- Freelance/Consultancy/Training, maybe part time/seasonal? That’s also another option. I’ve talked with a few people living a very good life working as contractors / freelancers. Being able to control where to work from and being in control of their working time. I already did that for 2 years, and it’s been the best time of my career! Why not try it again? Well, not in the near future, but I guess it will look like a very interesting option in a year from now.
- Become a Financial Advisor/Planner? Get an official certificate for it? That’s something that excites me right now. I may decide to take a serious certification like CFA or CFP and take the financial coaching one step further. In a recent Compound episode, Josh and Michael pointed out that “financial advisors don’t retire“, and that’s probably because it’s a nice job, well paid, with all the positive aspects of a freelancing job (work from everywhere, you decide how many customers to handle, you decide how much you want to work).
- Try a real job (maybe part time) that excites me. People manager, community manager, teacher assistant and so on? Yeah. That could also be an option. A regret I have at Hooli is that I never got that extra promotion that would have allowed me to manage people. I think I’d be a good people manager, and I have hard time convincing recruiters that I’d be good at it outside Hooli. Just on the same day I sent my resignation letter, a recruiter contacted me to check if I’m interested in a Site Reliability Engineer Manager position at a company paying Hooli-like salaries. I thought it was a joke. It took me 2 hours to craft the resignation letter and to click “send”… and two hours later I accepted to interview for a manager position? LOL. Anyway, I’m letting this application die. Not now, not today. Call me back in six months.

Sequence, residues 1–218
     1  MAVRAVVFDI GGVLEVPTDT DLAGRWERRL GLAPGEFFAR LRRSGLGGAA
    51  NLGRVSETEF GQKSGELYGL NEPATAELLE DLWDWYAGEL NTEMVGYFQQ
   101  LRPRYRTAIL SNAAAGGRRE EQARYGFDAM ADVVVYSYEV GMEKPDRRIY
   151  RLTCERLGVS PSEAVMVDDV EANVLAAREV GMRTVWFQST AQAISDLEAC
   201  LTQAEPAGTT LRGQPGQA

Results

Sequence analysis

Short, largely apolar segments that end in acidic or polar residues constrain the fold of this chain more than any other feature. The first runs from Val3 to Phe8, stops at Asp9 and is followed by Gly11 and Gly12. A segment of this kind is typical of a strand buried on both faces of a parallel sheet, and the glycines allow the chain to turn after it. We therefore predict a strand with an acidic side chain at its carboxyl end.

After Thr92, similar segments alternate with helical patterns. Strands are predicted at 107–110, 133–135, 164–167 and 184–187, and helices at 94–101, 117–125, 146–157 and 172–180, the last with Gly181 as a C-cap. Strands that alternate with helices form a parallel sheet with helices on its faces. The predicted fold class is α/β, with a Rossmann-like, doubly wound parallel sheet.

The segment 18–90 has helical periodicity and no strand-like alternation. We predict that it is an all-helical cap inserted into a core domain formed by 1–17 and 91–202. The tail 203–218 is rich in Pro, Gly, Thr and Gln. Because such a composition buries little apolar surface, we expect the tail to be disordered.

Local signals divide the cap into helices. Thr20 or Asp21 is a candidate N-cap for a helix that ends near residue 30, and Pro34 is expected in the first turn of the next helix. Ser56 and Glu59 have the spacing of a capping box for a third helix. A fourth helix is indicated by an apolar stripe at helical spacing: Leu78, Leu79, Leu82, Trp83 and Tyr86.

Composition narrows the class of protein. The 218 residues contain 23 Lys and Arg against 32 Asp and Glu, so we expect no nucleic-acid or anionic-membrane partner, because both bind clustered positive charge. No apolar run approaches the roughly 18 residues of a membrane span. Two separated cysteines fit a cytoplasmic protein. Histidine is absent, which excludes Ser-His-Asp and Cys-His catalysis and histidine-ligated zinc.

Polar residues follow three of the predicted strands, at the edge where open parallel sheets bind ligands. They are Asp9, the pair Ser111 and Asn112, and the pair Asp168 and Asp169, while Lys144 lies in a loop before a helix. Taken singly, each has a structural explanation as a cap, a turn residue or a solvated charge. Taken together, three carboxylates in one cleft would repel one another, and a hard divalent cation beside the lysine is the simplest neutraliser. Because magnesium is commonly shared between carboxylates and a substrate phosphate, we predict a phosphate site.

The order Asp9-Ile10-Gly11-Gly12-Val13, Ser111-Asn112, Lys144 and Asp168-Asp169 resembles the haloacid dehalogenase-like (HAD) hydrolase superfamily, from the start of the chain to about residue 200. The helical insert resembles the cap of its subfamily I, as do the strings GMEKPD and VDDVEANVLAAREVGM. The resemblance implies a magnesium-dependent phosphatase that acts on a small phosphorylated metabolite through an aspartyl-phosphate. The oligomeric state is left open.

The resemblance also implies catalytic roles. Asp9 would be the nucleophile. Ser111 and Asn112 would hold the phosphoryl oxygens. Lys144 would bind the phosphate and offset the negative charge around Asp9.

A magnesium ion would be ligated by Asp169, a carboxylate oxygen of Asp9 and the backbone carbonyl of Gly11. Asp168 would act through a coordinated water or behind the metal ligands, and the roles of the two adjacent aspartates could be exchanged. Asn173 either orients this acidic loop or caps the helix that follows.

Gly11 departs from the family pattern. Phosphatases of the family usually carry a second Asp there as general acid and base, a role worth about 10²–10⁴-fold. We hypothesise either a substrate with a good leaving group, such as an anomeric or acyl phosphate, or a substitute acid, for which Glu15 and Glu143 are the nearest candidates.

- Do not care about money and do whatever I like, at least for a while? Things like blogging, coaching, writing a FIRE book, writing a fiction book, do standup comedy, act in theater, teach theater acting, launch a podcast, start a YT channel, create online courses, help people with career development, take another degree, focus on my health, focus on my family, teach Youniversity, all the other things I mentioned here… Yes, that’s where my guts are telling me to go now.
- Do a mix of the above (work part time or freelance while blogging)? … and that’s where I’ll probably end up in few months from now!
So I’d probably just work on my passions for “a while”. For sure until this summer, I owe it to myself and my family.
My hope is that I could implement the Passive + Passion income model by Miss Montana. But as I said, I know not (yet).
And it doesn’t mean I don’t have options, or I have no idea. It just means I don’t know yet which way I want to monetize my skills. I might start the CFA or CFP certification, and kicking off a new career. I could keep doing coaching (maybe improving the quality of my job), offering career growth support (how to pass a coding interview), or manage actual people money… or any one project out of the ~150 entries in my 15 pages doc titled “Crazy ideas on how to make money in the future” (not shared here, sorry).
I mean, I have a lot of options. I’m aware of that, and I’m extremely grateful for it. I just don’t know which one I want to pursue yet. Right now, all I want to do is to not focus on making money, and just express my creativity.
The good news for you (I hope) is that the most obvious channel where to convey my creativity is this blog.
I will focus on this blog, on writing (more technical posts, promised!), on networking, on meeting people, on having fun.
I’ll try to adhere to a strict schedule: working in the mornings, ideally 6 hours a day (7am-1pm, maybe more in the Krippe days), and spending afternoons/evenings doing sport, enjoying leisure time with my family and friends. Maybe coaching in the evenings, but not after 10.30pm I promise (to myself!)
Yeah, that’s all.
Wish me good luck!